iPad Survives 100,000+ Foot Fall From Space Near Area 51 (High-Res)


 Share

Recommended Posts

.

.

http://g-form.com -- G-Form, a company well known for delivering the most extreme electronics

cases and athletic pads, launched an iPad clad solely in the company's 6oz Extreme Edge

case into space and then let it free-fall back to Earth.

The company released a stunning hi-def video Thursday where the nearly naked iPad is shown

hanging above the Earth in the blackness of space. In the video, the iPad is lifted to over 100,000

feet by a weather balloon which bursts at altitude, then releasing the iPad to free-fall to Earth

where it crash lands on a rocky hillside in the Nevada countryside. Perhaps even more

remarkable than the dramatic hi-def footage itself is the fact that the iPad survives the

adventure, remaining fully functional.

Link to comment
Share on other sites

The altitude has little to do with it, once terminal velocity is reached it not going to get any quicker. Wonder what the TV would be for an iPad??

Still impressive though, plus the camera survived too.

  • Like 2
Link to comment
Share on other sites

Gotta love that. They got lucky the screen diden't land face down onto the rocks though, that would have been a game changer.

Link to comment
Share on other sites

Nothing like having faith in your product though:

Disclaimer for Consumer Electronic Protection Products

G-Form?s warranties are in lieu of all other warranties, expressed or implied, including without limitation the implied warranties of merchantability and fitness for a particular purpose, or the ability of the product to protect any device or personal property from any specific incident or impact, and the buyer and/or user assumes all risks arising out of or related to the selection and/or use of the product. Under no circumstances will G-Form be liable for any damages to, or replacement cost for, personal property either inside or outside the G-Form product, nor will G-Form cover damage to the G-Form product inflicted intentionally or from abuse by the user. Examples of G-Form protection in incidents filmed by G-Form or by other related or unrelated parties do not constitute a statement that the product will necessarily protect equipment from similar incidents. In no event shall G-Form be responsible for incidental or consequential damages or loss of profits or data or other loss or use of any kind.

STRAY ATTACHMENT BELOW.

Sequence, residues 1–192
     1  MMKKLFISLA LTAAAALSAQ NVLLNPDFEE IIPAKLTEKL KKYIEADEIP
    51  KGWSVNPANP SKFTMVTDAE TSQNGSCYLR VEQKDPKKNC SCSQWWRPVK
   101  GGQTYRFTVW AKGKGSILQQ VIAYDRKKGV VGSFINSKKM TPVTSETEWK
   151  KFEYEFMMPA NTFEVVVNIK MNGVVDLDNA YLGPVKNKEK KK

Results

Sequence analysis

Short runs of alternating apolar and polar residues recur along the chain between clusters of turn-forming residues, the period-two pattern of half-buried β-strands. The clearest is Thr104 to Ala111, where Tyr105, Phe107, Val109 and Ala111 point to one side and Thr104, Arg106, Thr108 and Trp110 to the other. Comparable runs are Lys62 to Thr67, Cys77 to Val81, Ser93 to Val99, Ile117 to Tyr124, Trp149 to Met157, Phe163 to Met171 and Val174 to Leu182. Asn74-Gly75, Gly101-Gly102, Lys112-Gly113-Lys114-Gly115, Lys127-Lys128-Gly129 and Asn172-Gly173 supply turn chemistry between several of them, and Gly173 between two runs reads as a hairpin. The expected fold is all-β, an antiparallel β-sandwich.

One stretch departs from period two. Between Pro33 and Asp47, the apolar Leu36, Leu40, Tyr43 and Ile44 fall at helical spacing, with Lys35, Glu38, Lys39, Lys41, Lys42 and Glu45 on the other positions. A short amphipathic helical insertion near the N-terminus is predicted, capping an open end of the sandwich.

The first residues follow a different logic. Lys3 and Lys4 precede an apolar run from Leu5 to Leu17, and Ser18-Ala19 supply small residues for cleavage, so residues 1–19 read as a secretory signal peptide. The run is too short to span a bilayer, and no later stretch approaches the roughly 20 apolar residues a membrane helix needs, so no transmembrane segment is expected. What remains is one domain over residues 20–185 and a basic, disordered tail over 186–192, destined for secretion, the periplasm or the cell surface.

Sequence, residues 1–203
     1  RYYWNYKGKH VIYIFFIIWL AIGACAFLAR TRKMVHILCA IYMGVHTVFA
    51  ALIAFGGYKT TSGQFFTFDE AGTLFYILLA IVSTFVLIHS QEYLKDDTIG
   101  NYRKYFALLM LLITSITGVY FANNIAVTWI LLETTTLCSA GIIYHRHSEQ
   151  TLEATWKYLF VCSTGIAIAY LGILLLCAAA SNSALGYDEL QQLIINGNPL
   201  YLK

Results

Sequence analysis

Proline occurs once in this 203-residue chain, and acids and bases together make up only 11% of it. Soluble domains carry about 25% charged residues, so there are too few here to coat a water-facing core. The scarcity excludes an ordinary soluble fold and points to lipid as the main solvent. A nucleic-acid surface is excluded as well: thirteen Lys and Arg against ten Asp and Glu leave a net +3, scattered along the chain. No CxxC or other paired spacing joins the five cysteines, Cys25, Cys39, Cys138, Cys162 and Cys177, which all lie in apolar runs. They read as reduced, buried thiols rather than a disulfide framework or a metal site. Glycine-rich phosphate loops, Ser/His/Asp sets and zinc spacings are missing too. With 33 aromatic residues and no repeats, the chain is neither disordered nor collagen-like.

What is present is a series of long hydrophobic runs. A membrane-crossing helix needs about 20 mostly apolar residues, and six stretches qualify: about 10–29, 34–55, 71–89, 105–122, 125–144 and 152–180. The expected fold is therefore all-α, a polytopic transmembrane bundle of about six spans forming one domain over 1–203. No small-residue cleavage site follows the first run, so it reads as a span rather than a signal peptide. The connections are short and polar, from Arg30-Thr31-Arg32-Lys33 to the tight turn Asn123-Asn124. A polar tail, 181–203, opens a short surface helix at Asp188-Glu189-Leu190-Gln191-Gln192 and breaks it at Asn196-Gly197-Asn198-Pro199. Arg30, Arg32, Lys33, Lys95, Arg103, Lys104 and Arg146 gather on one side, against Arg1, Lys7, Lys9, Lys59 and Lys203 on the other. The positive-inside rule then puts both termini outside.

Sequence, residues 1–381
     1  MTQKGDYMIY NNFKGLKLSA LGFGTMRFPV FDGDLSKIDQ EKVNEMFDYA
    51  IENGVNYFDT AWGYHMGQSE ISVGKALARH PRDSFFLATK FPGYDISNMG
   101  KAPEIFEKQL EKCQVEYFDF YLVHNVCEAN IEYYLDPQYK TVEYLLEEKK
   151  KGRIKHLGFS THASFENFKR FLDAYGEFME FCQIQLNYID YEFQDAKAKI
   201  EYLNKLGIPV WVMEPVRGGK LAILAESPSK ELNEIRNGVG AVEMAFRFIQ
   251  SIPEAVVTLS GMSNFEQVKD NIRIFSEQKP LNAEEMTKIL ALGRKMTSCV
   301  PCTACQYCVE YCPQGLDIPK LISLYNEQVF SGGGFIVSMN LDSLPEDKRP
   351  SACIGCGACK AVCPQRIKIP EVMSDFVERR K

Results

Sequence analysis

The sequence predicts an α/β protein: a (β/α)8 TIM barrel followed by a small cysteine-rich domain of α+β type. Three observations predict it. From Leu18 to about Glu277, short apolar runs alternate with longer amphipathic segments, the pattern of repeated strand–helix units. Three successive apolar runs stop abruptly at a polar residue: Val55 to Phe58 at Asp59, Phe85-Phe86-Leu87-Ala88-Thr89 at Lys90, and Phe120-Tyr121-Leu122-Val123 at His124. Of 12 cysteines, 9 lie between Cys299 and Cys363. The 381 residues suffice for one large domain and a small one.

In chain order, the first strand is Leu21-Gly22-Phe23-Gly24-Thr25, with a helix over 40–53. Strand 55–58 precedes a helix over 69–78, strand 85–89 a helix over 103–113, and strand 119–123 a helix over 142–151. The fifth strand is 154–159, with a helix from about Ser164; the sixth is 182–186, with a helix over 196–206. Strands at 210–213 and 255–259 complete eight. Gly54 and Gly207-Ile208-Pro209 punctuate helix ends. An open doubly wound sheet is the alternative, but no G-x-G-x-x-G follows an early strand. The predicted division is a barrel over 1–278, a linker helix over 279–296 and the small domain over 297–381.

Please Note: We're happy that some of our customers' electronics have survived their testing our Extreme products, but we don't encourage or recommend intentionally dangerous stunts, and although we are confident that G-Form provides the best protection available, we can't guarantee your electronics from damage from any specific drop or impact in our Extreme products whether accidental or intentional.

Link to comment
Share on other sites

What about testing other tablets for durability instead of just the iPad or iPhone or anything else with the Apple logo on it? I'm sure there's a bunch of other tablets that can survive the same fall or a greater fall.

Link to comment
Share on other sites

What about testing other tablets for durability instead of just the iPad or iPhone or anything else with the Apple logo on it? I'm sure there's a bunch of other tablets that can survive the same fall or a greater fall.

Are you seriously this touchy? Who cares? You know this can protect others pads too, they choose the iPad obviously for marketing reasons, why does this irks you?

Link to comment